Researchers at MIT have created a transmitter that could stop hackers from attacking IoT devices.
Such devices are vulnerable to hack attacks that locate, intercept, and overwrite data, and jam signals, according to researchers working on the project.
One method that can be used to protect data on IoT networks is frequency hopping. This sends each data packet, containing thousands of individual bits, on a random, unique radio frequency (RF) channel.
This makes it difficult for hackers to trace individual packets. However, previous iterations of this method have typically slowed operations down to the extent that expert hackers are still able to mount successful attacks.
To combat this, the MIT researchers have developed a transmitter that hops frequencies for every bit of a data packet each microsecond. They said this is fast enough to thwart even the quickest and most sophisticated attacks.
Rapid switching of RF channels
To achieve this, the transmitter uses a bulk acoustic wave (BAW) resonator to quickly switch between RF channels for each bit of data sent. Packet-level frequency hopping sends one data packet at a time, on a single one-megahertz channel, across a range of 80 channels.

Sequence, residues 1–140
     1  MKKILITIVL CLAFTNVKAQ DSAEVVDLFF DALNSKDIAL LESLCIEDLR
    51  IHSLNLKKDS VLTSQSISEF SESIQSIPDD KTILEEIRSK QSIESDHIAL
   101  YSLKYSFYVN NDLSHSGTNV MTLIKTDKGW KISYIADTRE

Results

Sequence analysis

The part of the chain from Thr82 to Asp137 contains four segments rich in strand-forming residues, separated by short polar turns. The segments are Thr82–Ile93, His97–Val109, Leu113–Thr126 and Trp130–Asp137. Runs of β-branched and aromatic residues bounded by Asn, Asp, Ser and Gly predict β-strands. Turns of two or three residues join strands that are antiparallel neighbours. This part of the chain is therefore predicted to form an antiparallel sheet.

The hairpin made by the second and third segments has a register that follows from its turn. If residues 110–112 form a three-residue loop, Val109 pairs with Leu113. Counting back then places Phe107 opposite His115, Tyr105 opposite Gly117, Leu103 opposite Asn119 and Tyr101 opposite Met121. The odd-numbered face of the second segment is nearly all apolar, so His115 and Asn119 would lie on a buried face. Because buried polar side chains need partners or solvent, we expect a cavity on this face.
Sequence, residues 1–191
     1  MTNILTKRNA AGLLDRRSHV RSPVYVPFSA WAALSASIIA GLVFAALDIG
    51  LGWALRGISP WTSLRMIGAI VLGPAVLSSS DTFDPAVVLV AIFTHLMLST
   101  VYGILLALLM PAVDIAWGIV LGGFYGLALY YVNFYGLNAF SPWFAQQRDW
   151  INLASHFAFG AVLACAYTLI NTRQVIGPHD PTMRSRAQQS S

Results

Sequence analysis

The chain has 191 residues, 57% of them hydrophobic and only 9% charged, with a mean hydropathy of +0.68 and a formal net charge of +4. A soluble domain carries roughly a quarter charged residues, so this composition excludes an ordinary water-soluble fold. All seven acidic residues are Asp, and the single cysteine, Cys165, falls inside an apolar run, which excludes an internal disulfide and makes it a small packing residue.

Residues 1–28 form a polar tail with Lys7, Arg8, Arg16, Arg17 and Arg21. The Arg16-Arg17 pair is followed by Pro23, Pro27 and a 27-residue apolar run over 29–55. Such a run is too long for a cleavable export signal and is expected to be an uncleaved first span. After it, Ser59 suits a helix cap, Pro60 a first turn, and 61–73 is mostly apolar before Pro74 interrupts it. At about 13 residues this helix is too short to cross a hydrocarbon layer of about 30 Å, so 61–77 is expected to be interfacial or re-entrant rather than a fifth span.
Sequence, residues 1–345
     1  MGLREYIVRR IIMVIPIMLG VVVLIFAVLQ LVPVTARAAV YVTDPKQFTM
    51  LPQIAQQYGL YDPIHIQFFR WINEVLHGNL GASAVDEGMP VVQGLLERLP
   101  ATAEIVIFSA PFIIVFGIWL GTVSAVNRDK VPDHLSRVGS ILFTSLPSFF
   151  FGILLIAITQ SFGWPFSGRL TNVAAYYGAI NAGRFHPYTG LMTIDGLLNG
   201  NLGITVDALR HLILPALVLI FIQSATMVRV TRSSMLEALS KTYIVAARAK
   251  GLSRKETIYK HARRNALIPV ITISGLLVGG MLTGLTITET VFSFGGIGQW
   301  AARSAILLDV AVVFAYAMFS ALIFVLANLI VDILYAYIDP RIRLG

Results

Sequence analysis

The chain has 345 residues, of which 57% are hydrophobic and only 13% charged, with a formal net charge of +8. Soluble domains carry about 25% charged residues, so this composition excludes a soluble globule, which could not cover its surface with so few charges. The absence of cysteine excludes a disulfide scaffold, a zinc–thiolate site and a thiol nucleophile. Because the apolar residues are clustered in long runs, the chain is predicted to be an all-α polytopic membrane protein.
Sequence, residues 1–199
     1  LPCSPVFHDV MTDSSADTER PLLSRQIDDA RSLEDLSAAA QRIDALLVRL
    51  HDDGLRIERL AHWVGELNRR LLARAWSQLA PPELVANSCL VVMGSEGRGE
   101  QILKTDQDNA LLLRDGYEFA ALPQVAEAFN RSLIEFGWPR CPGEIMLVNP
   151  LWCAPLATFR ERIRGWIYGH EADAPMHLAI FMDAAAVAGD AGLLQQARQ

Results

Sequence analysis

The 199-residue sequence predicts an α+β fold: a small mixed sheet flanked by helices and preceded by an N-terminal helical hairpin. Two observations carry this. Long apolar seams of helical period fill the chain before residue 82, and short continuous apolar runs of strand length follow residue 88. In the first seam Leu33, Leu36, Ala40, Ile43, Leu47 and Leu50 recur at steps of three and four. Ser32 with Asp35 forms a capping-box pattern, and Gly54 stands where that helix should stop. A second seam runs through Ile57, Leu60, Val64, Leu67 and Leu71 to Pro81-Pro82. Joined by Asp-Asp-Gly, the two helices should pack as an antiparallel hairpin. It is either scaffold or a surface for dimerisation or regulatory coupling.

The researchers have combined the transmitter with a channel generator that selects a random channel to send each bit every microsecond. Because channel selection is quick and random, and there is no fixed frequency offset, a hacker can never tell which bit is going to which channel.
In addition, the research team have developed a wireless protocol to support the ultrafast frequency-hopping process.
“With the current existing [transmitter] architecture, you wouldn’t be able to hop data bits at that speed with low power,” said Rabia Tugce Yazicigil, a postdoc researcher in MIT’s Department of Electrical Engineering and Computer Science. “But by developing this protocol and radio frequency architecture together, we offer physical-layer security for the connectivity of everything.”
Initially, the technology could give organisations the ability to secure smart meters, he said, and it could also help to secure medical devices, such as insulin pumps and pacemakers.